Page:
d)  [1 Point] The theorem above only captures a part of the correctness criterion for the translation.  Formally state another general theorem that captures a different element of the correctness criterion.  Explain what your theorem means in plain English.  Hint: What other similarities should hold between the source and target language evaluation relation that are not captured by the theorem above?

2.  This question is about implementing the lambda calculus in ML.  A first-order representation strategy for the lambda calculus in ML represents variables in the lambda calculus using strings.  In other words, a first-order representation strategy might use the following datatype definition to represent the syntax of the lambda calculus:

datatype fstterm = Var of string | Lambda of string * fstterm | App of fstterm * fstterm

To represent the function \x.\y. x y we would build the following data type:

Lambda ("x",Lambda ("y", App (Var "x", Var "y")))

This is quite a reasonable thing to do.  However, in order to implement an evaluator for these lambda-terms, we have to put a fair amount of work into defining alpha-renaming and substitution properly.  In other words, we need to write explicit ML functions that recurse over terms in order to implement substitution.

An alternative technique is to use a higher-order representation strategy.  A higher-order strategy uses ML variables to implement lambda calculus variables.  In order to make this work, whenever we have a binding occurrence of a variable (like the x in \x.e), we will represent the binding occurrence using an ML function.  The body of the ML function will simply be an ML datatype that represents the body of the lambda calculus term.

Here is the datatype that gives rise to a higher-order representation strategy for the lambda calculus:

datatype term = Lambda of term -> term | App of term * term

Notice that there is no datatype alternative for variables.  We will use ML variables with ML type "term" to stand for variables in the lambda calculus.  Also observe that functions in the lambda calculus are implemented using functions in the ML.  To represent the function \x.\y. x y we would build the following data type:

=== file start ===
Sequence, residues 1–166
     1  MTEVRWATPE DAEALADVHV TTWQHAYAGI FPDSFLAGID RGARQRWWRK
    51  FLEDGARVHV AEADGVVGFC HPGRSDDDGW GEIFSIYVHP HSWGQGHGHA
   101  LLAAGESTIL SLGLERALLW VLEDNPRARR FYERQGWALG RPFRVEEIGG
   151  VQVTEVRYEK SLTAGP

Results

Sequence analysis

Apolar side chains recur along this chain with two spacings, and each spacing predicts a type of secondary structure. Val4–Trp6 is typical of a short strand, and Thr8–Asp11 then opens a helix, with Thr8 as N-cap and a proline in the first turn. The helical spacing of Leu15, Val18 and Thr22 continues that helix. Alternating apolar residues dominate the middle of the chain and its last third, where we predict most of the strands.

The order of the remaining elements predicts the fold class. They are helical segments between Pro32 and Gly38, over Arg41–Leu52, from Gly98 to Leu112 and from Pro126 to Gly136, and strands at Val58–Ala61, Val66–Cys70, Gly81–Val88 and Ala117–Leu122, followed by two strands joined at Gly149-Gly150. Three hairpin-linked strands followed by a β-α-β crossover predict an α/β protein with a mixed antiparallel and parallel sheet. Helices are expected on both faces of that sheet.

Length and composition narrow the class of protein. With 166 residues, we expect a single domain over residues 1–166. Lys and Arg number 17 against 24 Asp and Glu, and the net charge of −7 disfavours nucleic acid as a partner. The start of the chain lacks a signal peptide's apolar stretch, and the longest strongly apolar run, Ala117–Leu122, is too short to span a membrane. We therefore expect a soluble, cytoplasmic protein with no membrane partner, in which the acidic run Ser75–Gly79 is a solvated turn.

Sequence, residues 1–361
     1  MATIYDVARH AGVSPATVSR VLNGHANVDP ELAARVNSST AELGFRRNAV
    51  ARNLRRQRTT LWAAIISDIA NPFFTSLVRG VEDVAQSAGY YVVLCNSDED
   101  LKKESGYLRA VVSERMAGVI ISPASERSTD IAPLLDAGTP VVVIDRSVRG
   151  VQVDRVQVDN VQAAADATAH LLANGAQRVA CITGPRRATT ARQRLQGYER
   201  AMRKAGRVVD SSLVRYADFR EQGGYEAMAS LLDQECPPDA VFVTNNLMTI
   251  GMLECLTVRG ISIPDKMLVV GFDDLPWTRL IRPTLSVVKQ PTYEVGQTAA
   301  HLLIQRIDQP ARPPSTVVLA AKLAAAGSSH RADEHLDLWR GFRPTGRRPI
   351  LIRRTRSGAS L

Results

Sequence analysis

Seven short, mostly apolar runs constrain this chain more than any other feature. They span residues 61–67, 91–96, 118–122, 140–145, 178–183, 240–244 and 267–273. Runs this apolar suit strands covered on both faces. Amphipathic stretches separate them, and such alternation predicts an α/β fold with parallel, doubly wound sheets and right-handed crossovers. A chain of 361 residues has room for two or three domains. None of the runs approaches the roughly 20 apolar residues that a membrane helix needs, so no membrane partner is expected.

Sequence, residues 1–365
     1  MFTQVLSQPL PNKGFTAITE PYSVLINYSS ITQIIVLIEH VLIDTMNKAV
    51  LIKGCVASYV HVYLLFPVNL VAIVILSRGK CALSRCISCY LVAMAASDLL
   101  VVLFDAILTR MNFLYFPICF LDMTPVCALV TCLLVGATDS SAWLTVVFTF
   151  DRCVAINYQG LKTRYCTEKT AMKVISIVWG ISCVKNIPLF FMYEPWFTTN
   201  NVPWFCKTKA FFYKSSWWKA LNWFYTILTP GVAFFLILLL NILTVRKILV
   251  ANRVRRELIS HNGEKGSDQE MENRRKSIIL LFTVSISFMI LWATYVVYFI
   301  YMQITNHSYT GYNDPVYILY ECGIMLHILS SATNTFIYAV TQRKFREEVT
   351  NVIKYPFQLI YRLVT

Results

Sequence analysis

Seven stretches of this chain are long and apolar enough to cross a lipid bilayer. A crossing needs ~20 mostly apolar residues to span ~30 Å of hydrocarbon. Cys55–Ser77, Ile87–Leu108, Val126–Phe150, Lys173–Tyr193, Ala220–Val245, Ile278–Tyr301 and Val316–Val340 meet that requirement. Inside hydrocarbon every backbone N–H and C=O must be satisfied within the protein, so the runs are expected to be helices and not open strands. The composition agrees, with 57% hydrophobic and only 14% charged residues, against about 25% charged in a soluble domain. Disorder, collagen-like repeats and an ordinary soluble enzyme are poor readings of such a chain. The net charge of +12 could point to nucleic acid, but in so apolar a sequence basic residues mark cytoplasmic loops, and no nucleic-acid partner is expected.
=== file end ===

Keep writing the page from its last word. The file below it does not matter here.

Lambda (fn (x : term) =>

Lambda (fn (y : term) => App (x, y)))

Cool huh?  To understand what is going on here, it will probably help to open up the ML interpreter and type in this expression yourself.  Notice that the expression is well-typed in ML.  Try typing in a couple of other terms.

Questions:

a)  [3 Points] Implement a function called cnum in ML that translates natural numbers into their Church representation in the lambda calculus implemented using the higher-order representation strategy given above.  See Pierce, chapter 5.2 (pp 60-63) for the Church representation of numbers.  You can raise the exception Negative if the input to cnum is negative.

exception Negative

cnum : int -> term

b) [3 Points] Repeat question (a) but use a first order representation.  ie, implement:

fstcnum : int -> fstterm

c)  [3 Points] Implement an evaluator for the lambda calculus.  Your function eval should implement your rules for the multi-step, call-by-value operational semantics as directly as possible.  If complete evaluation of the term e produces a value, then this value should be returned as the result of (eval e).  Clearly, implementing evaluation for "App" will be the hard part.

eval : term -> term

d) [5 Points] Repeat question (c) but use a first-order representation.  ie, implement:

eval : fstterm -> fstterm

Note: you will probably want to implement a helper function that performs capture-avoiding substitution.  Implement and test it carefully!  Be careful with shadowed variables!